When his daughter Cassie became seriously ill, Scott Lang sought out Dr. Erica Sondheim, the only person capable of helping her. However, at the very moment he attempted to contact her, Sondheim was forcibly taken away to Cross Technological Enterprises, and in order to get her out, he decided to return to burglary as a final resort. He broke into Dr. Hank Pym's home and stole the Ant-Man suit and shrinking gas canisters. Garbed as Ant-Man, Lang broke into Cross Enterprises and discovered that Sondheim was being held prisoner by Darren Cross. He rescued the doctor from Cross' clutches and was relieved when Sondheim was able to save his beloved Cassie's life. Lang had intended to return the Ant-Man suit to Pym and turn himself in for its theft but Pym, aware of the use to which Lang had put the stolen goods, offered to let him keep them, provided he only use them to uphold the law.
Shortly after, Scott Lang donned the Ant-Man costume on various occasions, primarily to assist Iron Man and the Avengers. Scott came to the rescue when Iron Man was trapped in his armor in the aftermath of a system overload. He also helped Yellowjacket (Hank Pym's alias at the time) attempt to rescue the Wasp captured by Dr. Parnell Solomon, and alongside the Avengers he first battled Taskmaster. He then battled Odd John's mutated insects, and encountered Biotron of the Micronauts. Alongside Spider-Man, he again battled Taskmaster, exploiting Taskmaster's belief that he was Pym by using his growth capsules on one of his ants as a surprise tactic. As Lang, he attempted to stop the Raiders at a Dallas electronics engineers convention. He then battled the malfunctioning GARD computer security system at Stark International. As Lang, he aided Iron Man and Jim Rhodes against Mauler. He then met the Fantastic Four, and on their behalf first journeyed to a "micro-world", and joined the Thing in battle against its denizens.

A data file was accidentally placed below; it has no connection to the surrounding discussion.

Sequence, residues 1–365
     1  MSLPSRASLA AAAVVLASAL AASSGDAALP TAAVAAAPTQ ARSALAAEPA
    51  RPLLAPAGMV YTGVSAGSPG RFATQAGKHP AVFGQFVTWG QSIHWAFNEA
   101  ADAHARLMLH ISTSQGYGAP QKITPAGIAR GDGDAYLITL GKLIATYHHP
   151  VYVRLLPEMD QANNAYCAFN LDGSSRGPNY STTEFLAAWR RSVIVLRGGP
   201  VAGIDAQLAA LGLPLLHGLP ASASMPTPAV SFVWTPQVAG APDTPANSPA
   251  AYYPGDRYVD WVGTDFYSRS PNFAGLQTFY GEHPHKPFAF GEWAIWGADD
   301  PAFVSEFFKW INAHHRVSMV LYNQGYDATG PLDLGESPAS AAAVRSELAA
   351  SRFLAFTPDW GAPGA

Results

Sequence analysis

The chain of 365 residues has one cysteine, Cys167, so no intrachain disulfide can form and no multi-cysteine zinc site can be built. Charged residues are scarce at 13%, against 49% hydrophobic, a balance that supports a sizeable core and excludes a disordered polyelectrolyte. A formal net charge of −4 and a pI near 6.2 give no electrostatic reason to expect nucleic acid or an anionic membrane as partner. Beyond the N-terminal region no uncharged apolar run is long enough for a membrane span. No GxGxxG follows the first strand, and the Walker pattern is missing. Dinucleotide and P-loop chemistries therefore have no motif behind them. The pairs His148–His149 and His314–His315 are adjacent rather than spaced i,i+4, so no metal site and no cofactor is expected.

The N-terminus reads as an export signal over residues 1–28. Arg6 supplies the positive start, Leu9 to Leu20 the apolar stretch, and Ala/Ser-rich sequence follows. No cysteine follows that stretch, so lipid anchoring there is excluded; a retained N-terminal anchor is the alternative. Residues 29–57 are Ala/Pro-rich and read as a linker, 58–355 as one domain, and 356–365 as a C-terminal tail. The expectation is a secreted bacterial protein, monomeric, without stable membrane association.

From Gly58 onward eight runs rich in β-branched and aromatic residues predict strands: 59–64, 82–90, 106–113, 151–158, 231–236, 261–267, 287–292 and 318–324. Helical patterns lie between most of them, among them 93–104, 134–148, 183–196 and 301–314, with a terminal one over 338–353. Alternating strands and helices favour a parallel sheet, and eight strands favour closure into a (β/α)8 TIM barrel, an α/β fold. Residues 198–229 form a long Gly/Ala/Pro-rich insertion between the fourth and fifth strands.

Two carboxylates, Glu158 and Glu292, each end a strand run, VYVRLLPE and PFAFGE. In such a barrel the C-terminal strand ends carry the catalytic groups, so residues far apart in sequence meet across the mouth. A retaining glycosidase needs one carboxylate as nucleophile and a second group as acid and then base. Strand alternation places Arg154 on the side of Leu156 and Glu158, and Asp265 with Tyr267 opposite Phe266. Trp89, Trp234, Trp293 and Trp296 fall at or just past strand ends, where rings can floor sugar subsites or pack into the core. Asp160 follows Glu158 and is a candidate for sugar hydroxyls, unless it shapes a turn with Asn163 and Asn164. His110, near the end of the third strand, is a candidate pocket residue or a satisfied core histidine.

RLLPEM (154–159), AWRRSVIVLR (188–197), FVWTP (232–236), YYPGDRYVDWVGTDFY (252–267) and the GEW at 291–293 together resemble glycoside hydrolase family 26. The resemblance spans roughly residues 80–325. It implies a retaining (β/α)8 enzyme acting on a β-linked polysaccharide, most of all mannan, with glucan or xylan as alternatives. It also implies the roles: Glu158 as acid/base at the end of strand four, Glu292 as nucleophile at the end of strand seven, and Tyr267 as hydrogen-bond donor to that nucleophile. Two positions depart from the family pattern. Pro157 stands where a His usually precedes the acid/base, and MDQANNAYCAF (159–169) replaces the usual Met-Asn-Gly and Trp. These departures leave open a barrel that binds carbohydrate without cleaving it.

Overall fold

Scott was instrumental in helping Iron Man discover who possessed copies of his technology during the Armor Wars storyline. He also aided the Avengers in infiltrating Taskmaster's henchmen-training facility, battling the Taskmaster alongside Hawkeye, and visited Henry Pym while he was in prison. He encountered Rick Jones and Alpha Flight, and then battled Dire Wraiths alongside Rom and Starshine. Scott was serving in an Avengers back-up team created when Baron Zemo's Masters of Evil took control of the Mansion and captured some of the current team; he even helped the Wasp defeat the Absorbing Man and Titania when they attacked a hospital in an attempt to kill a comatose Hercules. He accidentally shrank Spider-Man and battled the Scarlet Beetle. He also battled Dragonfly.